It is appropriate and indeed necessary for there to be parental attendance at child appointments, and in most children’s lives there are a number of appointments which arise relating to the child’s care, educational performance or medical situation. If parental cooperation is difficult, what happens?

Parental attendance at child appointments

There are also a number of other significant activities and events which a child will take part in where a child generally would hope and expect their parent to be in attendance to share the event with them for example, school plays, sports days, etc.

Before touching upon the arrangements for attendance at school and medical appointments etc., I have often been asked how much responsibility falls on a primary care parent to keep the other apprised of events, activities and appointments which might arise at a child’s school.

Responsibility of the primary care parent?

The simple answer to that should be none at all. That is because both parents hold parental responsibility, both parents therefore have an equal right to contact and engage with the school in regard to their child’s education, the facility to check and read the school’s website and most schools these days obviously recognise that a child of separated parents has two parents and are generally willing to ensure that information relating to the child is in fact shared with both parents.

Consequently, there is nothing to stop both parents having equal engagement with the school and securing relevant information directly and independently themselves rather than relying on the other parent to provide that information to them.

Separate and independent meetings

Most schools have a facility to recognise that engagement between parents and teachers is important and will often make facility for a parent to discuss their child’s education separately and independently as and when required.

Similarly, most schools again recognise that parent/teacher evenings can be important and will often assist in ensuring that separate appointments are made if necessary for each parent to attend and to engage with the teacher separately and independently of the other if their relationship means that they do not feel capable of attending jointly.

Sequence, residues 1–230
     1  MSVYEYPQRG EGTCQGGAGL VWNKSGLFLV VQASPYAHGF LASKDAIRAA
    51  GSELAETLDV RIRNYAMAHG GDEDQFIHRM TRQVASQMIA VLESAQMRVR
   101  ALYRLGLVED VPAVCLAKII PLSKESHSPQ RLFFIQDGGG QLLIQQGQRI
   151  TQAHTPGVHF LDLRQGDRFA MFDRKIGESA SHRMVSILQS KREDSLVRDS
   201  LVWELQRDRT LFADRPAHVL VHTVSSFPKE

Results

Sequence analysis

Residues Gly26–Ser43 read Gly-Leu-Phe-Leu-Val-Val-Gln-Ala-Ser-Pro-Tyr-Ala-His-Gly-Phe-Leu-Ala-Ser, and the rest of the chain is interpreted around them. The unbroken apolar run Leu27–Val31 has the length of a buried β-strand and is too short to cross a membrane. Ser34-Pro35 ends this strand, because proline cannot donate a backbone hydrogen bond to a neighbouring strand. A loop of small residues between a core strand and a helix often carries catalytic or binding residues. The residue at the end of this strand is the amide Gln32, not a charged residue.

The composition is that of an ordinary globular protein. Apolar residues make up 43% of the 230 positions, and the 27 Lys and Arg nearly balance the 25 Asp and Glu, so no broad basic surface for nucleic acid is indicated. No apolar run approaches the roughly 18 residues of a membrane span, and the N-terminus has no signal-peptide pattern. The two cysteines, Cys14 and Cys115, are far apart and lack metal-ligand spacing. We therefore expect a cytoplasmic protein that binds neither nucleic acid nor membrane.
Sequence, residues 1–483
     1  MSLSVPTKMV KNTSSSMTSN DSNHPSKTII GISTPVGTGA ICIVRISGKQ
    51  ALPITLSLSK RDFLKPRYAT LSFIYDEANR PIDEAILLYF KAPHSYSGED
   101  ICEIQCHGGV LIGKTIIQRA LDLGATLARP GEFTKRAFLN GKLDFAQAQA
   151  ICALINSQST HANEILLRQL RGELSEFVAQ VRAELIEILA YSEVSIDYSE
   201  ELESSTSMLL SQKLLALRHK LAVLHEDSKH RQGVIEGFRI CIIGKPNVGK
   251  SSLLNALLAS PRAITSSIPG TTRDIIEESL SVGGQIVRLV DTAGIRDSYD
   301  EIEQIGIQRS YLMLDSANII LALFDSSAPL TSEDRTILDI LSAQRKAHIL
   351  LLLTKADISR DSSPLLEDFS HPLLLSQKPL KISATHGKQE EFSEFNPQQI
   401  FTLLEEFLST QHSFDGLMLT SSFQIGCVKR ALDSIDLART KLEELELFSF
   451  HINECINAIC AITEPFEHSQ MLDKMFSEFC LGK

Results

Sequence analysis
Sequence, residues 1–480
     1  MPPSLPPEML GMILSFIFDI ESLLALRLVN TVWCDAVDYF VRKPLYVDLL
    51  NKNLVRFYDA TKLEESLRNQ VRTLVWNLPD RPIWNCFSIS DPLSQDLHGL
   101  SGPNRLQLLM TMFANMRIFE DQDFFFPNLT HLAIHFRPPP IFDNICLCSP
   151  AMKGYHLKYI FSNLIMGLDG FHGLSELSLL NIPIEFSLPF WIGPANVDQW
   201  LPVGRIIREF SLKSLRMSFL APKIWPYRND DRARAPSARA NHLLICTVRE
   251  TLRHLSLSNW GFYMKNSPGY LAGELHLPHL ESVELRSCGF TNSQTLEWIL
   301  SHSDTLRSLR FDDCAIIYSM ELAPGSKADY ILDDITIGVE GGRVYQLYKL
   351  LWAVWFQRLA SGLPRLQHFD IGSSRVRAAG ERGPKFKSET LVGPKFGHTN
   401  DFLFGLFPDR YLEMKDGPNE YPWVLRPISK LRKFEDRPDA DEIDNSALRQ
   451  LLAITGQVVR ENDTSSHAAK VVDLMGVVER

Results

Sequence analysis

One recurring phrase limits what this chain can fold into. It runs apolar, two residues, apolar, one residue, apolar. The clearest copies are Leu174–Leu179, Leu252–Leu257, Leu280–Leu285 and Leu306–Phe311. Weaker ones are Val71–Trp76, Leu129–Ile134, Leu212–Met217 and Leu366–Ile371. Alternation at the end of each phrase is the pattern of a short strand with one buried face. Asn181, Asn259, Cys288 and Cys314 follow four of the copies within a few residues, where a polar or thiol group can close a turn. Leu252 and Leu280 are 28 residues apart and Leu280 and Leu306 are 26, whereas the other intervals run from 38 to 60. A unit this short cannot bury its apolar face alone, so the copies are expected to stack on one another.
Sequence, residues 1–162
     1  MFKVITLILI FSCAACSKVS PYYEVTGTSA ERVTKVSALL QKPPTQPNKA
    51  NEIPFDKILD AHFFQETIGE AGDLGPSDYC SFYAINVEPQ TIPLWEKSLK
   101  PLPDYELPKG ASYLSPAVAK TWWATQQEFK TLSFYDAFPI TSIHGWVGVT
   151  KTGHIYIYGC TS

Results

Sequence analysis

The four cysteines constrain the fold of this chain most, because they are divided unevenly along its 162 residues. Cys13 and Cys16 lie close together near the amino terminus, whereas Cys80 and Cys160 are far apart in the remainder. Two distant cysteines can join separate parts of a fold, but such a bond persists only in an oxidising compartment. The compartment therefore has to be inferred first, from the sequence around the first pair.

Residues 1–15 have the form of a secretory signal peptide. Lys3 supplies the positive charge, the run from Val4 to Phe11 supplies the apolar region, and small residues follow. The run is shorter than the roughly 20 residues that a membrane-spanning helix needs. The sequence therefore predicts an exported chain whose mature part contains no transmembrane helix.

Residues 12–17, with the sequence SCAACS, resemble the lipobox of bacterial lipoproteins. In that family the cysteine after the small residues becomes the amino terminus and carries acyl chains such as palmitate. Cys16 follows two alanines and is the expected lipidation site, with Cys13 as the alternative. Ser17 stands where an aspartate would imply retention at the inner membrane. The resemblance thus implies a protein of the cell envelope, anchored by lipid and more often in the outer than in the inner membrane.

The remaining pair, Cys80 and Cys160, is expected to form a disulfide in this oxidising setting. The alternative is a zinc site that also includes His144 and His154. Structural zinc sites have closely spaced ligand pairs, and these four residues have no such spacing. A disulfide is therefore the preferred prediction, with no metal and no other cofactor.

Parental cooperation

If possible, when events such as sports days or plays etc., come on the horizon, it would be hoped that the parents would be able to cooperate sufficiently to enable them both, if necessary, to attend on the same day but if not, to agree alternate days for attendance if that is feasible.

Unless however there are justifications for securing specific issue or Prohibited Steps Orders which would prevent a parent from attending a specific event and allow the other to do so, there is nothing that would prevent even in circumstances where parents do not particularly get on well both attending the same event if there is only one day available for this purpose, i.e. a sports day.

Parental attendance at medical appointments

The situation in regards to medical appointments (within which I include dental) can be different as unless a child has a specific health issue (see below) with regular and formulated appointments, attendance for medical treatment usually arise unexpectedly and at short notice. Both parents who hold parental responsibility are entitled to know with which GP their children are registered and have equal engagement as necessary with that surgery and secure information about their child’s health needs and treatments.